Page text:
LRWC calls on Bahrain to:
- Withdraw all charges against Maryam Al-Khawaja and ensure that new charges will not be approved;
- Return to Maryam Al-Khawaja her Danish passport; and
- Allow Maryam Al-Khawaja to remain in Bahrain to visit and attend to the needs of her family.
LRWC looks forward to your response and your action on these critical matters.
Gail Davidson, Executive Director, LRWC Marion Caussanel, Bahrain Monitor, LRWC
Mr Frank La Rue
Special Rapporteur on the promotion and protection of the right to freedom of opinion and expression
Mr Mads Andenas
Chair Rapporteur of the Working Group on Arbitrary Detention
Mr. Michel Forst, Special Rapporteur on the situation of human rights defenders
firstname.lastname@example.org ; email@example.com;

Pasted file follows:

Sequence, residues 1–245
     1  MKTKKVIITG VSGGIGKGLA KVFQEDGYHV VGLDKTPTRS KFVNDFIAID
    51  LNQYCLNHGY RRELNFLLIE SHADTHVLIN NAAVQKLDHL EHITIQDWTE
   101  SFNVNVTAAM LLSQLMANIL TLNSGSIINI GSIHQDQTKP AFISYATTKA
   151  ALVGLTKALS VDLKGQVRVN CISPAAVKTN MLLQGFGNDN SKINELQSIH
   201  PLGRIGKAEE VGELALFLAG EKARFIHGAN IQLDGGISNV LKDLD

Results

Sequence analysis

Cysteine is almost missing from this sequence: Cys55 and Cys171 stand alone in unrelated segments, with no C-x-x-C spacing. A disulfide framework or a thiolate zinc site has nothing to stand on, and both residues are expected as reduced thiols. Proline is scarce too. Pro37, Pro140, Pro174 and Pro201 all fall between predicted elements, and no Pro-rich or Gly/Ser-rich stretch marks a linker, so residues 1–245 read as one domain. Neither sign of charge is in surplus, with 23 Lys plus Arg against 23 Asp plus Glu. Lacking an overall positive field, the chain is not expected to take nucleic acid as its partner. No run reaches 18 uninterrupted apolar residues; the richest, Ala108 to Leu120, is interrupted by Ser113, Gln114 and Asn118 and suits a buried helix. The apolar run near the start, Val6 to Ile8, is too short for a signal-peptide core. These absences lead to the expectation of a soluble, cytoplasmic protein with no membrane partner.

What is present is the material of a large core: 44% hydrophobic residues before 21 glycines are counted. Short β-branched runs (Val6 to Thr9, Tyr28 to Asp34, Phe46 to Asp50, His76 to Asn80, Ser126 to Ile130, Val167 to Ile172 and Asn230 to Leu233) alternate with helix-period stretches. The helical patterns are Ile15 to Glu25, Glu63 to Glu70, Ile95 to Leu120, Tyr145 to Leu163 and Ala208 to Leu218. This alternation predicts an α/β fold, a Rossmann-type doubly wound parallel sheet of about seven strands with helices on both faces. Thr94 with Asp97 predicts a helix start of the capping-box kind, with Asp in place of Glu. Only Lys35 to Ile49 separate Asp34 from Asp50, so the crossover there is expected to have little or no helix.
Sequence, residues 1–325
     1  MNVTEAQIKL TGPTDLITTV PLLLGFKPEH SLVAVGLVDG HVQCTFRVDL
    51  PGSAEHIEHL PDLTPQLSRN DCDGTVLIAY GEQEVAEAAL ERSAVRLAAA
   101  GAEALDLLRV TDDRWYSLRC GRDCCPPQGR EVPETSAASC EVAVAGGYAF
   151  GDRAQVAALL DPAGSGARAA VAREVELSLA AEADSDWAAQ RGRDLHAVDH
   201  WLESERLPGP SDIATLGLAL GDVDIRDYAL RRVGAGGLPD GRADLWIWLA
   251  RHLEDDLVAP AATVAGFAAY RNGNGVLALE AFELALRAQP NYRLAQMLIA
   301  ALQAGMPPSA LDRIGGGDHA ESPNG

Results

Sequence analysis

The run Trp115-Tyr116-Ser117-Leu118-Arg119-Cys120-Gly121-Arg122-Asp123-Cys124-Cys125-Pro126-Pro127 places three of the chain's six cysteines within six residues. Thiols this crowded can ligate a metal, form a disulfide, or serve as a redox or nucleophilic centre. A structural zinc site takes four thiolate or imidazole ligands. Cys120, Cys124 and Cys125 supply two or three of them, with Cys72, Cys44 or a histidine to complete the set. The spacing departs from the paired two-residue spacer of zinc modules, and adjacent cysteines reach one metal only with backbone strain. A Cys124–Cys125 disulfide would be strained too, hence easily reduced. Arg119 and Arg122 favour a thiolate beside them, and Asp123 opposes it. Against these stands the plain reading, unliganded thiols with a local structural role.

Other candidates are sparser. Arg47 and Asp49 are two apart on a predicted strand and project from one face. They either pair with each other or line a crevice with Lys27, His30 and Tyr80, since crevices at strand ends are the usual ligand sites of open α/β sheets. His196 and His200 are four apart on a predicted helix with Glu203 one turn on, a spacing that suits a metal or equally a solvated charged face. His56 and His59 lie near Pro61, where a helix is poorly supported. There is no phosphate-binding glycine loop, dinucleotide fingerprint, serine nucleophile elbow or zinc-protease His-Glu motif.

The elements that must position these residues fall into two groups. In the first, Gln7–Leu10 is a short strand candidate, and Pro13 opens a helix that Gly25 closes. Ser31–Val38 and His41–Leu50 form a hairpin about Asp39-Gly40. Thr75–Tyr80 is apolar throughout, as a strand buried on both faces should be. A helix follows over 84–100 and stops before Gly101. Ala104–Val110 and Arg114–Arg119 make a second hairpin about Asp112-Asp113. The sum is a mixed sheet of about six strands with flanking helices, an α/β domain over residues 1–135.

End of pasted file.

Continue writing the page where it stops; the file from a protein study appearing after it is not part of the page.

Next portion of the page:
The Honourable John Baird, Canadian Minister of Foreign Affairs
2249 Carling Ave Suite 418
Ottawa, Ontario K2B 7E9; begin_of_the_skype_highlighting Email: firstname.lastname@example.org;
H.E. Dr. Nabil ElArabySecretary General
League of Arab States
Secretariat – Tahrir Square
Tel: 5752966 – 5750511
Fax: 5740331 – 5761017 – 5779546
P.O. Box: 11642
Email: email@example.com@las.int; firstname.lastname@example.org ;
Mr. Nabeel RajabPresident
Bahrain Center for Human Rights
Nawaf M Almaawdah,
Ombudsman – MOI
 UN General Assembly, Declaration on the Right and Responsibility of Individuals, Groups and Organs of Society to Promote and Protect Universally Recognized Human Rights and Fundamental Freedoms: resolution / adopted by the General Assembly, 8 March 1999, A/RES/53/144, available at: http://www.refworld.org/docid/3b00f54c14.html [accessed 25 September 2014
 CCPR General Comment No. 8, supra note 23, at para. 3.
 HR Committee: Communication No. 521/1992, Vladimir Kulomin v. Hungary, at para. 11.2.